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The Re-emergence of Internatiol War- Was Mueller Overly Optimistic in the End of War Debate - Essay Example

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The Re-emergence of International War: Was Mueller Overly Optimistic in the ‘End of War’ Debate? Class: University: Due date: War is an event that has been part of human history for millennia, yet many historians argue that humans have been experiencing a new, unusual form of peace from international war since the end of World War Two…
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The Re-emergence of Internatiol War- Was Mueller Overly Optimistic in the End of War Debate
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"The Re-emergence of Internatiol War- Was Mueller Overly Optimistic in the End of War Debate"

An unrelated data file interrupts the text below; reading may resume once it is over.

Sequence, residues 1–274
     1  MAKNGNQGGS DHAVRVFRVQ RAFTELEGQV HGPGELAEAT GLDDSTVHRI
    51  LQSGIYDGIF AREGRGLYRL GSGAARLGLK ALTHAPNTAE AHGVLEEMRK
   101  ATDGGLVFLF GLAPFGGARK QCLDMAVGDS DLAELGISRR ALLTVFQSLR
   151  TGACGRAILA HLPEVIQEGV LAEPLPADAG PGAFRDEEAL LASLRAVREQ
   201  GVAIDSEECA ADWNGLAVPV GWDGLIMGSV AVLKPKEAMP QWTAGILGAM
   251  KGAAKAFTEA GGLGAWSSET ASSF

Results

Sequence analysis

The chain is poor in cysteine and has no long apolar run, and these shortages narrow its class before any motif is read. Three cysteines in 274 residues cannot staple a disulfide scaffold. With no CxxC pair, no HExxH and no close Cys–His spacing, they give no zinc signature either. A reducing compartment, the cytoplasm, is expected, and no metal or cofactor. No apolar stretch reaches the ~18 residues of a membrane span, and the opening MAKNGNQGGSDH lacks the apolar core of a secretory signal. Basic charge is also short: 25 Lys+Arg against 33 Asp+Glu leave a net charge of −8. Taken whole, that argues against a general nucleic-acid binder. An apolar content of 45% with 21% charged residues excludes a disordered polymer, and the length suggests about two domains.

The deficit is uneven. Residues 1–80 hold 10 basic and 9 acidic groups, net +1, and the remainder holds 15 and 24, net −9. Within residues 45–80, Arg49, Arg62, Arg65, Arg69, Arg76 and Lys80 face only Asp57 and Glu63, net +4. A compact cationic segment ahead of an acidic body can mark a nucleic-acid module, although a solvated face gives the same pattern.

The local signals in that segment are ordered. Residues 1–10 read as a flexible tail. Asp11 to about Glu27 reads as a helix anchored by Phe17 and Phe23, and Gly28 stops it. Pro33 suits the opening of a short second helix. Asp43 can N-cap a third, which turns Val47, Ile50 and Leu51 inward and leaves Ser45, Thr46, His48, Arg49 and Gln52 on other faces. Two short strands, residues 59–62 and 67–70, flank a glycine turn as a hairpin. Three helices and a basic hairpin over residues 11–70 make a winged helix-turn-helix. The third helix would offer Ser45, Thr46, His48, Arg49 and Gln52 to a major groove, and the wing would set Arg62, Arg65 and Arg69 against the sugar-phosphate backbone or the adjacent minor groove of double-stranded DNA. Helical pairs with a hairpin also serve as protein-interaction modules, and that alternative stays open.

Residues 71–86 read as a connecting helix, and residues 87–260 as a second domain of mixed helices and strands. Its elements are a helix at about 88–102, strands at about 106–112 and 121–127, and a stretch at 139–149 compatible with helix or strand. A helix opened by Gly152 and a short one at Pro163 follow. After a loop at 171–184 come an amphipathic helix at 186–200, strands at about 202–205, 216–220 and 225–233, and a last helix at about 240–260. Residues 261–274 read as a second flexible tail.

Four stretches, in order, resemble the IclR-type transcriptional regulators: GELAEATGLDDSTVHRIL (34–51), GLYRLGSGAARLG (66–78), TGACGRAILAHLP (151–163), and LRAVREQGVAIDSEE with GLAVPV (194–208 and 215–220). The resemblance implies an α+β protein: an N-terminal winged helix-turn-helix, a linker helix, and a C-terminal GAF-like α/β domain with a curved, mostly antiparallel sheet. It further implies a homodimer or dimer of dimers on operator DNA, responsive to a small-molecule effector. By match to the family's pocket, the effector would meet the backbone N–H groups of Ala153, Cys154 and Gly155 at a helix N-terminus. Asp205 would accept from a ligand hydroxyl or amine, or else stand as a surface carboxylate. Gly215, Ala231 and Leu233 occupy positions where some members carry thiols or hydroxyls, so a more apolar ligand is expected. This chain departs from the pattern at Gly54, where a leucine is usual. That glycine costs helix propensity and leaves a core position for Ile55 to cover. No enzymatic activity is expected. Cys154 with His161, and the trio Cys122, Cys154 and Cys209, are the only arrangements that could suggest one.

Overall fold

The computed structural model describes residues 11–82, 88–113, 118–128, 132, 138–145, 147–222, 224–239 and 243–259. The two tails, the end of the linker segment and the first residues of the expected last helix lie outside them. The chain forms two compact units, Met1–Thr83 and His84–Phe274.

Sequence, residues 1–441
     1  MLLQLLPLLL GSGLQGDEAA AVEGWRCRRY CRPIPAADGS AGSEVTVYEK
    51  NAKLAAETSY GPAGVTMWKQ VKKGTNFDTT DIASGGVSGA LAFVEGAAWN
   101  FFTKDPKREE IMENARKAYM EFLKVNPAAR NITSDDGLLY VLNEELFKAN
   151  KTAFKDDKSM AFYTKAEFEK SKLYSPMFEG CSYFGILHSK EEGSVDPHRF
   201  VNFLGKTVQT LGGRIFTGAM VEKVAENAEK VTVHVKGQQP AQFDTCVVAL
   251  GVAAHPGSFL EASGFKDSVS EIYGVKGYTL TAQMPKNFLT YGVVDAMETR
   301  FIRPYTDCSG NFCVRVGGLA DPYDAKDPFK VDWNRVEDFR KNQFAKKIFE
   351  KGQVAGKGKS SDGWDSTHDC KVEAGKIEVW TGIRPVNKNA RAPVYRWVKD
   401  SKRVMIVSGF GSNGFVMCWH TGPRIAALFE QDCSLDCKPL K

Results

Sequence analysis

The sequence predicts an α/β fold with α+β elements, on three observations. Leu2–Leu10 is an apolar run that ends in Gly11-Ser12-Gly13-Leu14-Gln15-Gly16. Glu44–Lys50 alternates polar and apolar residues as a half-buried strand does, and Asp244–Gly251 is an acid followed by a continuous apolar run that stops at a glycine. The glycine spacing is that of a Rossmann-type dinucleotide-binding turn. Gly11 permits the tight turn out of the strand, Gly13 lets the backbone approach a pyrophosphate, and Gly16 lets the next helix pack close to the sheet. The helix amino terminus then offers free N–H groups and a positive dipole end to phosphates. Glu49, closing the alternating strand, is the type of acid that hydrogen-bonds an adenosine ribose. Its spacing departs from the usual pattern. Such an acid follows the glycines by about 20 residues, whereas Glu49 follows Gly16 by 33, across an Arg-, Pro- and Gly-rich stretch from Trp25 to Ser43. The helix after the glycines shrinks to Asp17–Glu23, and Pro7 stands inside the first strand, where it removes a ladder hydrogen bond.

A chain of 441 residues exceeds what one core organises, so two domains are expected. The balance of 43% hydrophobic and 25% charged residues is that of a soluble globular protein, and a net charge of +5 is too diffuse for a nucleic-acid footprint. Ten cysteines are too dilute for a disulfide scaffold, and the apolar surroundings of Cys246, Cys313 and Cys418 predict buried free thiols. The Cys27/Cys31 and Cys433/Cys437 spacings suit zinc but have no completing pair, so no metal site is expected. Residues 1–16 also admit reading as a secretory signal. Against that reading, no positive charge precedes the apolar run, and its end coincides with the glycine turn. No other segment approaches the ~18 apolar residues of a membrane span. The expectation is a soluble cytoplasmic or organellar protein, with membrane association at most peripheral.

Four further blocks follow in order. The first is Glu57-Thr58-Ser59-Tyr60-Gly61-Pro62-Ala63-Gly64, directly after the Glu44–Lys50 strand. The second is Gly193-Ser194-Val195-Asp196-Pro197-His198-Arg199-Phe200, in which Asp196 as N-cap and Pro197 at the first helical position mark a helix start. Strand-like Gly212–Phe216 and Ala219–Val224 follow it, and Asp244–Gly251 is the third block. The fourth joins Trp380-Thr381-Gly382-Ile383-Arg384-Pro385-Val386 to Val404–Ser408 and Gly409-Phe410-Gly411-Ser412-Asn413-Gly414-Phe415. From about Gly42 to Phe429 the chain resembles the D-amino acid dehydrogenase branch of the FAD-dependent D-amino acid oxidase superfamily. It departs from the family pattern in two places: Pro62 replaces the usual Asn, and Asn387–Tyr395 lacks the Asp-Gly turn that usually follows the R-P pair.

Download file to see previous pages He considers that there was strong emotional opposition to war when the First World War was fought, and that by the time of the Second World War, this sentiment was so strongly advanced that war became obsolete1.Mueller’s arguments follow two perspectives. The first is the recognition that war has become much less popular, and the second is an explanation for this pattern. Both of these viewpoints are important, and it is only by examining both of these can the relevance of Mueller’s perspectives to the current world situation be understood. The term war is a word that has many uses and is defined differently depending on the situation that is occurring, and the desires of the people describing what is occurring. Understanding these distinctions is important in examining Muller’s arguments, as he uses a specific definition of war and argues his points on this basis. As an expression, war is often used to refer to any strife or conflict, whether within a state or between different states. This period of conflict may not be longstanding, and the use of the word war may be used to escalate the perception of the events. The term war is also used as a way of describing a particular campaign. For example, two well known ‘wars’ that the United States has created are the ‘war on terrorism’ and the ‘war on drugs’, phrases that have become well known since their instigation. However, the term is most relevant when used to describe a serious, extended armed conflict that occurs within a state (civil war) or between states (international war)2. One useful definition is that war is “sustained coordinated violence between political organisations”3 Muller’s argument is focused on war occurring between international bodies and he argues that major war between important states has not occurred since the Second World War, and that this long, unusual, period of peace is due to a change in the perception of war. The hypothesis that major war has become obsolete does not state that war never occurs, rather that it has moved from being a viable option, to something that is only considered under extreme circumstances, meaning while it may still happen, it is rare4. There is a significant amount of evidence supporting this proposition. Since the end of the 1980s the overall level of large-scale violence has decreased worldwide, both in terms of the amount of conflicts and the number of deaths. Furthermore, within the same time period, even the prevalence of non-state conflict has decreased5. Mueller’s argument considers that peace has come as the result in of a change in perceptions, with war becoming aberrant or not considered in the same way that two men having an argument do not consider duelling one another, and how slavery is no longer considered a legitimate option6. However, war is generally not caused, or prevented by a single factor; instead there are many different relevant factors that can interact with one another7. One perspective on why international war has decreased in prevalence is that in the current era, there are many less rivalries between great powers, and therefore, the likelihood of a large scale international war is significantly decreased8. Simply put, the major states do not have as much to argue about as they once did. This is also influenced by the fact that the international ...Download file to see next pagesRead More
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